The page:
NAVIGATEUR –Who is navigating us towards Europe’s future?

Since the pandemic started, the Julius Raab Foundation in cooperation with FASresearch has gone on a quest looking for answers to the following question:

Which organisations in Europe, especially in the German-speaking region (Austria, Germany, Switzerland), are currently providing significant ideas and bringing about changes tackling the important economic, social, ecological, technological and geopolitical challenges of our time?

We believe that knowing which organisation can add value in times of a crisis is key to coming out stronger.

Through in-depth interviews, 55 leading experts and decision makers in politics, public administration, business, academia, policy research and NGOs, were asked which organisations they expect will provide relevant ideas and help tackle the great challenges of our time.

The results were used to create #NAVIGATEUR: a referential network comprising 370 inspirer and changemaker organisations with a particular focus on the German-speaking region.

On 14 December 2020, the study results were presented and discussed by some of the interviewed experts. Here we provide a summary of the results below.

Figure 1 shows the network of inspirers and changemakers, with those organisations located in Austria, Germany and Switzerland shown in pink. The size of the dot reflects the ‘authority value’ of the organisation. These values are derived from the number of nominations (the higher the number of nominations received, the more ideas and changemaking an organisation is considered to add) and the weighting according to the ‘authority’ of the nominator (an organisation has even higher authority when nominated by someone who themselves have received many nominations).

Figure 2 shows the regional distribution of the organisations, with the focus on the German-speaking space.

Stakeholder groups of inspirers and changemakers

Among the 370 organisations there are:

  • 59 think tanks,
  • 49 universities & academia/higher education sector,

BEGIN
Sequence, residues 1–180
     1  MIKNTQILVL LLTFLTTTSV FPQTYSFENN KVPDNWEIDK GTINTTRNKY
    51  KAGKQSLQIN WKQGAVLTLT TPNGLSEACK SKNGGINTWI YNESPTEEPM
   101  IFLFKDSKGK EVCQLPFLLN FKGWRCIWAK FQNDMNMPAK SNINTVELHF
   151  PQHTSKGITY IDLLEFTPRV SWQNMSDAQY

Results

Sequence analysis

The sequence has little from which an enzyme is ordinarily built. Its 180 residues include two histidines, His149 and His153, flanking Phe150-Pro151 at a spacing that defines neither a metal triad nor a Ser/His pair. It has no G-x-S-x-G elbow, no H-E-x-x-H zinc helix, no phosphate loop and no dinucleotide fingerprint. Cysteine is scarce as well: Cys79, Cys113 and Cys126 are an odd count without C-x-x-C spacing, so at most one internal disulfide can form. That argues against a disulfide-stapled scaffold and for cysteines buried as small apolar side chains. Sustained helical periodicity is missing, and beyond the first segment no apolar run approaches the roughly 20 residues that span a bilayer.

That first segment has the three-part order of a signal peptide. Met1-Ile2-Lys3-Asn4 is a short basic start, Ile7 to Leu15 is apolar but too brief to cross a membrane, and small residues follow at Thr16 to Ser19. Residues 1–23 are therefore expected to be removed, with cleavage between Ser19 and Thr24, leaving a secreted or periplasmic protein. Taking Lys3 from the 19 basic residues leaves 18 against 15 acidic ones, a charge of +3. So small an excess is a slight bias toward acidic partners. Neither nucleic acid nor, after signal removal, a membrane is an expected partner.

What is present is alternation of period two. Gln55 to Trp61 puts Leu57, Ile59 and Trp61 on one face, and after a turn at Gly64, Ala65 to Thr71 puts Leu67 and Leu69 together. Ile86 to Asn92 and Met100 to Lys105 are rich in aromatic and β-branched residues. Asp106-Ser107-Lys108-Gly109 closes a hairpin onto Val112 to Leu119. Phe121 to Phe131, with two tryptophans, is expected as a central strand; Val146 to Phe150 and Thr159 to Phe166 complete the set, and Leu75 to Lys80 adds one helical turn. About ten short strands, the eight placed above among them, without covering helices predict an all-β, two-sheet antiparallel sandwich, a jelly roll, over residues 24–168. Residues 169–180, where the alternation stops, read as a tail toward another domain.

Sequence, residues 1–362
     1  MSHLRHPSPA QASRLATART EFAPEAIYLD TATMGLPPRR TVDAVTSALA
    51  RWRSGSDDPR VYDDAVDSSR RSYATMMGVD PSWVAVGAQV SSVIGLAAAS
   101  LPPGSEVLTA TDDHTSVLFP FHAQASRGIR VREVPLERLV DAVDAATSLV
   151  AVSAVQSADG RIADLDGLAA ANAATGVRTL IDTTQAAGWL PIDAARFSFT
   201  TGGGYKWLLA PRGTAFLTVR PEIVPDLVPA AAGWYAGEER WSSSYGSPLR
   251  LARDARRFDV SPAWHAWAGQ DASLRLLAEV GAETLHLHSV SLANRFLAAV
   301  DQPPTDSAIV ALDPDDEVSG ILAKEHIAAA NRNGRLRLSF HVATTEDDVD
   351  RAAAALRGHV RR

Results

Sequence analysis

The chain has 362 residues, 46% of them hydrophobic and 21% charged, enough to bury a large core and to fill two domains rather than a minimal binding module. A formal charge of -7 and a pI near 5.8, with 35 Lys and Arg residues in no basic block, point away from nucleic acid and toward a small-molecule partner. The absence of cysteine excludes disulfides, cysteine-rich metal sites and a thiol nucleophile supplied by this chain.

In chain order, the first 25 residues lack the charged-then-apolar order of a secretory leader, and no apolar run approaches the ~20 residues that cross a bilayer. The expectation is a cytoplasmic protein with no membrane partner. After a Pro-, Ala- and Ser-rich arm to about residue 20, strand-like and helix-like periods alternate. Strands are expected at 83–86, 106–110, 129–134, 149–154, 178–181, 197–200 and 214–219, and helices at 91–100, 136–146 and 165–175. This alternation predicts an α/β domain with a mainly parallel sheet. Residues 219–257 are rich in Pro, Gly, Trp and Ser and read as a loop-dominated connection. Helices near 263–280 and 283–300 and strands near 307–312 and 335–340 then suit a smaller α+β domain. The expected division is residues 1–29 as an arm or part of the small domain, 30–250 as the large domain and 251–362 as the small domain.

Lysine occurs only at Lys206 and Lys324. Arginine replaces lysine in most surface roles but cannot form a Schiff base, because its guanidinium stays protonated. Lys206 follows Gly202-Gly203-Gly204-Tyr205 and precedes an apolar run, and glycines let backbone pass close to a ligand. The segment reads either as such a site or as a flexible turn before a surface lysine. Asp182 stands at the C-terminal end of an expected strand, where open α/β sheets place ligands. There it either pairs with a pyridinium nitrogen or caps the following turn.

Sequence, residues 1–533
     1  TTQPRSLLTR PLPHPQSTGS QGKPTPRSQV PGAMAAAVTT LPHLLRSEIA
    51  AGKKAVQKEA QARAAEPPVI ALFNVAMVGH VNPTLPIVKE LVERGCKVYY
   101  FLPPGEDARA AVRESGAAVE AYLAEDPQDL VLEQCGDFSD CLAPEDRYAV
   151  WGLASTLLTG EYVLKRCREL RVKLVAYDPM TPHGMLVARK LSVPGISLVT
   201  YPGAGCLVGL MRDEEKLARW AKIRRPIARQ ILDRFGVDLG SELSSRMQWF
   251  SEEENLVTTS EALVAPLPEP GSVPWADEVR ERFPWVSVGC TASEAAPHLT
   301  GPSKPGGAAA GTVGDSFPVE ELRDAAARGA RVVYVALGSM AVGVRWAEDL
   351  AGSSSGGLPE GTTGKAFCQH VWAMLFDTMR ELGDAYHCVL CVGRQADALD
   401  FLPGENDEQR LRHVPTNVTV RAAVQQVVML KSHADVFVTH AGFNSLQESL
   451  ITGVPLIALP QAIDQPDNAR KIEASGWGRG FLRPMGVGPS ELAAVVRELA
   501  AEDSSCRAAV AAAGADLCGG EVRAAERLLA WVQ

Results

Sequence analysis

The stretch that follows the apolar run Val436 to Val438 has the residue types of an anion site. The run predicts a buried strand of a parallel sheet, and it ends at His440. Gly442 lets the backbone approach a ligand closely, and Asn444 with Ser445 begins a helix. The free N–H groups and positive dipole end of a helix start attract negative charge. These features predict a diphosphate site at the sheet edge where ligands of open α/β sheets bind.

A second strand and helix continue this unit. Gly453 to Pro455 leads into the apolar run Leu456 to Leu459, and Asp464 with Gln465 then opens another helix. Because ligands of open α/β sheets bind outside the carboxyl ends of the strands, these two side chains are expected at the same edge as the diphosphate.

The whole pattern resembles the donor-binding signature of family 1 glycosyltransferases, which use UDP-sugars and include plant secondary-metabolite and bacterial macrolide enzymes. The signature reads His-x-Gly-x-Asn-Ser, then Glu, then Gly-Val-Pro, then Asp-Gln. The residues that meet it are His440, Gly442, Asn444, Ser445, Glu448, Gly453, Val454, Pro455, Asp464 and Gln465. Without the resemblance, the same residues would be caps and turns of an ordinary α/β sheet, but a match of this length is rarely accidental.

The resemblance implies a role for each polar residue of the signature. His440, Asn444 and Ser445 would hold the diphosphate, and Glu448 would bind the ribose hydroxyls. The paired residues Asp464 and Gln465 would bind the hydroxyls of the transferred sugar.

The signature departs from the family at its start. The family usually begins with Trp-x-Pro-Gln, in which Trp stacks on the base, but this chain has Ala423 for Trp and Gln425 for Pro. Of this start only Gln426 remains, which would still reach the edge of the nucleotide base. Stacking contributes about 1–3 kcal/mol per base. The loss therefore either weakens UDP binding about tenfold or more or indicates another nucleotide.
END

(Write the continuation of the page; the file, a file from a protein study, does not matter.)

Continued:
• 42 research & scientific institutes,
  • 37 governmental (-affiliated) organisations & advisory boards,
  • 36 platforms, initiatives and conferences,
  • 30 foundations, non-profit organisations & social businesses,
  • 26 consultancies & businesses,
  • 25 interest groups, umbrella associations, political parties & religious institutions,
  • 24 international organisations & supranational institutions,
  • 24 non-governmental organisations & pressure groups,
  • 10 cultural institutions and
  • 8 media.

The European Commission is ahead

When we combined the expertise of the interviewees with the quantitative results of classical media coverage and the Twitter actions of organisations, the European Commission came out to be the most important inspirer and changemaker in Europe. It is able to combine different roles, as well as having the authority to enact changes itself.

After the European Commission, think tanks like Bruegel, the Bertelsmann Foundation or the European Council on Foreign Relations, platforms like the World Economic Forum and the Munich Security Conference, research institutes such as the Max-Planck-Society, ifo institute or the Fraunhofer Society, as well as movements and NGOs like Fridays for Future and the WWF have been attributed considerable impact.

The greatest challenges of our time

The experts were all asked about the most pressing challenges of our time in five sectors: geopolitics, technology, economy, social welfare and ecology(See Figure 3). Examples of answers include:

  • Geopolitical challenges: a common European foreign policy and a new form of multilateralism.
  • Technological challenges: strategic data usage, regulating the technology sector and expanding digital infrastructure.
  • Economic challenges: international trade policy and the future of work.
  • Ecological challenges: sustainable and green economy, and infrastructure for green mobility.
  • Social challenges: resilience and solidarity in times of crisis and ageing societies.

Results for the ‘learning ability’ of the political system

To foster the learning ability (in other words the adaptiveness or structural development) of the political system, several important factors were mentioned. The expert’s insights range from needing a culture of openness and dialogue and long-term thinking, to the promotion of independent research institutions and stronger exchange of expertise with politics to holistic approaches and more courageous behaviour in politics, to mention just a few (see Figure 4).

Results for unconventional cooperation

To establish new and unconventional forms of cooperation to tackle today’s challenges, three main areas have been identified by the experts: mindset, infrastructure and capabilities (see Figure 5).

The NAVIGATUER research allows us to see through the shallow day-to-day political problems and get insight into the ones deep down, the structural challenges we see in politics and public administration. These systemic issues have been around for a while and have been intensified by the crisis. And the results show that the work of think tanks is needed more than ever to tackle today’s challenges. To get a more in-depth view into the results, please visit (soon to be available in English too).